Stephen Strasburg has been excellent this season.
Those who win the National League Cy Young award this season have a hard act to follow.
Last season, Clayton Kershaw won the NL Cy Young on the strength of a season that saw him go 21-5 with a 2.28 ERA and a grand total of 248 strikeouts. He had competition, but Kershaw was the easy choice for the award.
So far this year, the Cy Young race in the National League is pretty wide open. Roughly 15 different pitchers have a legit shot at the award and narrowing down the favorite to win it is pretty difficult.
But that's exactly what we're here to do. In order, here are the top five contenders for the NL Cy Young award.
Just off the top of my head, I'd say there are at least seven or eight different guys who could fit in at the No. 5 spot on this list.
I decided to go with Brandon Beachy, who has more than lived up to the positive buzz he generated last season. He's only 2-1 on the season, but his 1.38 ERA was good for fourth in the National League entering play on Thursday, and his 0.92 was good for ninth.
Beachy has only had one start this season that didn't go so well, and that was his first start against the Houston Astros. He only gave up one earned run, but he struggled with his control and was gone after five innings.
Since then, Beachy has pitched at least 6.1 innings in each of his four starts, and he's only allowed four earned runs, 19 hits and four walks.
Beachy isn't striking hitters out like he was last year, but that's actually helped him. He's being more efficient with his pitches, and he's holding hitters to a .193 average despite the fact that he's pitching to contact more often than he did last year.
For the season, Beachy's WAR is 0.9, just 0.4 points away from the top guy in the NL.
Before the start of the season, pegging Joe Saunders as the best starting pitcher in Arizona's rotation was the last thing I was prepared to do.
Yet Saunders has been Arizona's best starting pitcher. He's pitched at least 6.1 innings in all five of his starts, and he's lasted at least seven innings in four of them. His 1.24 ERA was good for third in the NL entering Thursday, and he was sixth in innings pitched.
Saunders is not a guy who dazzles you when he's on the mound. He throws strikes, changes speeds and, when he's on, he's getting a ton of ground balls. It's not a mistake that he's only surrendered one home run this season.
I won't be surprised if Saunders comes back down to earth as the season moves along, but at this point in the season Saunders deserves credit for what he's done. His 1.0 WAR says he's been just as valuable as aces like Cole Hamels and Zack Greinke, and more valuable than guys like Clayton Kershaw and Johnny Cueto.
So hats off, Mr. Saunders.
Gio Gonzalez's first start of the season didn't go so well. He lasted only 3.2 innings against the Chicago Cubs, giving up seven hits and four earned runs.
Since then, Gonzalez has pitched 26 innings, and he's given up just nine hits and two earned runs.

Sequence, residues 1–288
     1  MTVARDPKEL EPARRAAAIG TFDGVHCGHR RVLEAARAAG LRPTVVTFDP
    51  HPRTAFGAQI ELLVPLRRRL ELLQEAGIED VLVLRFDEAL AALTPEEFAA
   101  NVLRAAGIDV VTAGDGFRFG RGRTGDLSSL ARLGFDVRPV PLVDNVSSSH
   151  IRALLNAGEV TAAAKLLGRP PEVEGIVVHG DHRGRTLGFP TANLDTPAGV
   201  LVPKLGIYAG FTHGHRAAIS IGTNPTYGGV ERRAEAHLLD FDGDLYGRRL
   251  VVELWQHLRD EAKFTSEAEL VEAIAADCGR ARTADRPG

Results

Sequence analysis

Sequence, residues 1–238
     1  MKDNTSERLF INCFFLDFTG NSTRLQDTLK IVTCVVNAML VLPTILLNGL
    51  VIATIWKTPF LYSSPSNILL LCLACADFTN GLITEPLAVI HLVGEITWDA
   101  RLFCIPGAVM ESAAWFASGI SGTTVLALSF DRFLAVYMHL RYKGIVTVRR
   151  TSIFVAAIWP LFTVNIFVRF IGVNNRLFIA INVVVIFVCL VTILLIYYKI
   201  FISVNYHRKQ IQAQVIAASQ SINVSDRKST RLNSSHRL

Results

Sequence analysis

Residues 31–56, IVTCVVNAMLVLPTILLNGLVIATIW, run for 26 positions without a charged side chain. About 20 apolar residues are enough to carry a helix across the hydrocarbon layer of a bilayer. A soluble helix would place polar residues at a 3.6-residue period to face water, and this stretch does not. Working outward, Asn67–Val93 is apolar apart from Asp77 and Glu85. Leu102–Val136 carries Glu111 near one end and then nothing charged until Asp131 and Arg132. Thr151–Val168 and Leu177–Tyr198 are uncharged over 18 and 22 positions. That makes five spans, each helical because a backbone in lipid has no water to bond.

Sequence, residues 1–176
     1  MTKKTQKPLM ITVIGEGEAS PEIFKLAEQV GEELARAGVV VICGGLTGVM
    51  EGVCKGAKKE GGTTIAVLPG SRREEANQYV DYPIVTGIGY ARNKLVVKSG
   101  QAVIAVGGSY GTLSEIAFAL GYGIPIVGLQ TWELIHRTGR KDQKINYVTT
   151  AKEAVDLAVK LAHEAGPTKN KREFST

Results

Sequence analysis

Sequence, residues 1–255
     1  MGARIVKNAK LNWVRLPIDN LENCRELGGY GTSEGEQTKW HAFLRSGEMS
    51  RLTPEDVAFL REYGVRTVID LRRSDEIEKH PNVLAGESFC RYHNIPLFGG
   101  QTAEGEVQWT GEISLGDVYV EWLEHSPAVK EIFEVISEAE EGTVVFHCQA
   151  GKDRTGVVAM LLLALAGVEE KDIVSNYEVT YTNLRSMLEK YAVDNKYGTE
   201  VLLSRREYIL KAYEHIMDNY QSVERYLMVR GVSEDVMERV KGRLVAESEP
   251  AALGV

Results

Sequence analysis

His ERA is 1.82, which was good for 11th in the NL entering Thursday. Take his first start out of the equation, and Gonzalez's ERA is a razor-thin 0.69.
For the most part, Gonzalez's control has been much better than it ever was in Oakland. His BB/9 is down to 3.64, and the only reason it's that high is because he got wild and walked five in his most recent start.
Gonzalez has always been a strikeout artist, and so far this year he's maintaining a K/9 of 10.31. Increased fastball velocity has helped, and his hook has been filthy this season.
Gonzalez's WAR is 1.1, placing him in the upper crust on NL hurlers.
I've written some mean things about Wandy Rodriguez in the past. I'm prepared to take them all back now. He's been remarkable this season.
In six starts, Rodriguez has pitched 38.1 innings and put together an ERA of 1.64. His starts all look like carbon copies of one another, and that's not a bad thing. A typical Rodriguez start this season has consisted of six-plus innings, five or six hits allowed and one or two earned runs. He does it all in just about 100 pitches.
Rodriguez is a lot like Joe Saunders. He changes speeds and pitches to contact, and he's going good when he's getting a lot of ground balls. Striking hitters out is not his forte.
Typically, Rodriguez's stuff is hittable, resulting in a lot of baserunners and short evenings for him. That hasn't been the case this year, as he's consistently gotten the better of hitters despite the fact he hasn't changed his approach all that much. He's throwing his changeup more, but that's about it.
Rodriguez's WAR is 1.2, a mark bettered by only one other pitcher in the NL.
Good choice. In the season's first month, no pitcher in the National League was better than him.
In five starts, Strasburg has a 2-0 record, a 1.13 ERA and a 0.88 WHIP. He ranked second in the NL in ERA and seventh in WHIP entering Thursday, and his 34 strikeouts were good for fifth.
The Nats have been careful with Strasburg. He's only pitched more than six innings twice, and that's mainly because the Nats don't like to let him throw more than 100 pitches in any given start. The fact that he has still managed to pitch 32 innings with a limited pitch count is a testament to how dominant he has been.
It's no secret how Strasburg is doing it. His fastball is averaging 96 miles per hour this season, and his secondary pitches look as filthy as they did in 2010 when he first broke into the league. And of course, he has excellent control of all his pitches.
Strasburg leads the NL with a 1.3 WAR, and if the season ended today he would deserve the NL Cy Young.
He won't win it, though. At some point, Strasburg will hit his innings limit and will be shut down. Enjoy it while it lasts, Nats fans.
My guess is about 90 percent of you want to debate this list. If you do, try hitting me on Twitter.